Finding Your Place


For Curtis Bennett, ’09 Environmental Science and Policy graduate and AGNR Alumni Board vice president, discovering the “why” for his career path was only part of the journey that led him to his current role at the National Aquarium in Baltimore, Md. Figuring out his “what” proved to be perhaps the most challenging but essential part.

“My ‘why’ was always the connection I had with the outdoors,” said Bennett. “Any time that I spent as a kid with wildlife or observing wildlife, I felt this sense of relaxation, a rush of energy, and it was truly a magical experience.”

It’s no wonder that Bennett enrolled at UMD in the Veterinary Medicine program. While he clearly had the passion for this field of study, something wasn’t completely clicking for him. Thanks to an inspired conversation with his mentor, Mark Varner, professor emeritus in Animal Science, Bennett soon found a new path.

“Dr. Varner sat me down and said, ‘Life is never easy, but it becomes that much easier when you are in the space that comes natural to you,” said Bennett. At the time, UMD had just created the Wildlife Ecology & Management program in Environmental Science and Policy. Bennett transferred to the new program as part of the first class of students, and he instantly felt at home.

But it took a lot more than simply finding the right field of study. For Bennett, it took constant involvement beyond the classroom. Even before he started his time as a Terp, Bennett had worked as a naturalist for the Maryland National Capital Park and Planning Commission, where he gained initial experience and exposure to environmental education, community engagement, and wildlife research.

After graduating from UMD, he went from being a Terp to a Blue Hen, and continued his environmental education while earning a Master of Science in wildlife conservation at University of Delaware, where he crafted his public engagement skills while also getting to develop a close connection with river otters through his research.

Despite his brief departure from the state of Maryland, Bennett’s beloved home was never far from his mind.

Upon completing his studies at Delaware, he set his sights on returning to the place where he gained so much of an appreciation for the outdoors. It wasn’t long after returning to Maryland before he heard of opportunities at the National Aquarium, and he immediately jumped at the chance.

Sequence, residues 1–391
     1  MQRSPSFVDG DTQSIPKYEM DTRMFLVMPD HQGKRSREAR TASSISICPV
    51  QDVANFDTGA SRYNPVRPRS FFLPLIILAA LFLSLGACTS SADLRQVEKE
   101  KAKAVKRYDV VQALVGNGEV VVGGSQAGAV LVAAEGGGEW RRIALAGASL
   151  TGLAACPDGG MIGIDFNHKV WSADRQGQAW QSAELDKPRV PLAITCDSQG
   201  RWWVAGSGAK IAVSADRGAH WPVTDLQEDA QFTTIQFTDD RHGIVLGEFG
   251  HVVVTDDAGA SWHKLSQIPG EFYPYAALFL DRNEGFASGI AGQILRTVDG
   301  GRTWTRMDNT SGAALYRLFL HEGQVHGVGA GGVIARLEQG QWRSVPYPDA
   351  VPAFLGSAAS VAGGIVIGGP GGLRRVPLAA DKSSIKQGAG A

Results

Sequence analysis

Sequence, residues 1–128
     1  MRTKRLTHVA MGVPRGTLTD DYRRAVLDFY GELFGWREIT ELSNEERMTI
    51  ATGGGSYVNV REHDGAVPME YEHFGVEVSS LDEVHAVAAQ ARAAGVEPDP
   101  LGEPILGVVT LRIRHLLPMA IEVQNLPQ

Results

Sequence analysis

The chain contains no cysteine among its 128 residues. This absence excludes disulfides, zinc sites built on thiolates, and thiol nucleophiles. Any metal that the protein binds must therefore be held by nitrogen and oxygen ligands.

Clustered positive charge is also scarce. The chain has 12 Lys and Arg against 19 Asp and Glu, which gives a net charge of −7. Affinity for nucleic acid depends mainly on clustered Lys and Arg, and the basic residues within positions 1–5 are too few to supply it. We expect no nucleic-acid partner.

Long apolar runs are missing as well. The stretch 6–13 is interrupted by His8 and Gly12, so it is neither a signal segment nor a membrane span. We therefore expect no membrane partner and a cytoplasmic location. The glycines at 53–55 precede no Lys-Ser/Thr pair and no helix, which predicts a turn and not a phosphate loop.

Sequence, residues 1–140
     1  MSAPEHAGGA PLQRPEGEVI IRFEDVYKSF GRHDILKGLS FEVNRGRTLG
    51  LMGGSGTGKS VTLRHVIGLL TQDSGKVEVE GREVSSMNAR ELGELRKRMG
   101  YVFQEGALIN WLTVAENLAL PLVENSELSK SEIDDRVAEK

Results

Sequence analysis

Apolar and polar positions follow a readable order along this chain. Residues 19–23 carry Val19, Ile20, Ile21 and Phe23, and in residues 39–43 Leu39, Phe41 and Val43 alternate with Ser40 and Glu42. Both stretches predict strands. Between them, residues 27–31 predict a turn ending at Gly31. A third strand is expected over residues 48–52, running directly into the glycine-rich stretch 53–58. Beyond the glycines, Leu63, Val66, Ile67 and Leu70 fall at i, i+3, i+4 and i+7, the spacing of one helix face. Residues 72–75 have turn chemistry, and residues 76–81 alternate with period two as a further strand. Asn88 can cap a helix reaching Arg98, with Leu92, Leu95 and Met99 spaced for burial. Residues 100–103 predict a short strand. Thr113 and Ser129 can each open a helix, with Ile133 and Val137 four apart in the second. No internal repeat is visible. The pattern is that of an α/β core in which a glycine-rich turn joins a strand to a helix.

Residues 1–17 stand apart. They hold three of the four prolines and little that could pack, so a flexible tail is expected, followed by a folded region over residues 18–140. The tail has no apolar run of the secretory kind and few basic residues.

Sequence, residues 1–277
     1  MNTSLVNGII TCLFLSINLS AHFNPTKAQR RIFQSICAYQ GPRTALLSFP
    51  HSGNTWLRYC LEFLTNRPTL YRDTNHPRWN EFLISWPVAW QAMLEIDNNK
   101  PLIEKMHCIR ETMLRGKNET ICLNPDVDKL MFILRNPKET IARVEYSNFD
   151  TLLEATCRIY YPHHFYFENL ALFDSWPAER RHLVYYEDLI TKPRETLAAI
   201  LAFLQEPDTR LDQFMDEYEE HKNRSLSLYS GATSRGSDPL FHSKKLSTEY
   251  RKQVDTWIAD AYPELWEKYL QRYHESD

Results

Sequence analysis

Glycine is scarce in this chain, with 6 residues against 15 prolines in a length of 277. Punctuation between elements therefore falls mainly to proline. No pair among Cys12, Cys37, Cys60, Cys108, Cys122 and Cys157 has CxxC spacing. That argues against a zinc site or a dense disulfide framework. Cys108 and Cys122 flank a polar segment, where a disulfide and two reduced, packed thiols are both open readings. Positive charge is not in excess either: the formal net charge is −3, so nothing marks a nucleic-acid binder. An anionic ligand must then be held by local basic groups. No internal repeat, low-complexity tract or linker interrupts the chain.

“It’s so surreal when I think about it,” said Bennett. “I can remember visiting the National Aquarium with
my family as a kid. As a naturalist, I remember taking summer camp groups there for field trips. To have the opportunity to work there, I’ve come full circle.”

Bennett’s passion to take his work to another level at the aquarium didn’t stop with his first position. Thanks to his dedication and efforts, he was promoted to become the aquarium’s first ever director of conservation community engagement, and most recently in 2019, director of equity and community engagement.

“For as long as I can remember, principles of diversity, inclusion, equity, and environmental justice have always been centered as part of my personal and professional life,” said Bennett. “When I think about the intentional application of these principles in conservation engagement, it starts with active listening to understand, meeting people where they are, building transformational relationships, and co-creating experiences and opportunities that are most meaningful and relevant to our audiences.”

In this respect, Bennett has been able to apply elements of his personal philosophy to the mission of the aquarium.

“At the aquarium, we recognize that we can’t achieve our vision to change the way humanity cares for our ocean planet without first grounding our work in the principles of diversity, equity, inclusion, and justice,” he said. “It’s important to remember that this is life’s work, and we must all do our part as individuals, institutions, and industries to intentionally and consistently commit ourselves to learning, growing, and applying these principles to what we do and how we do it.”

By Andrew Muir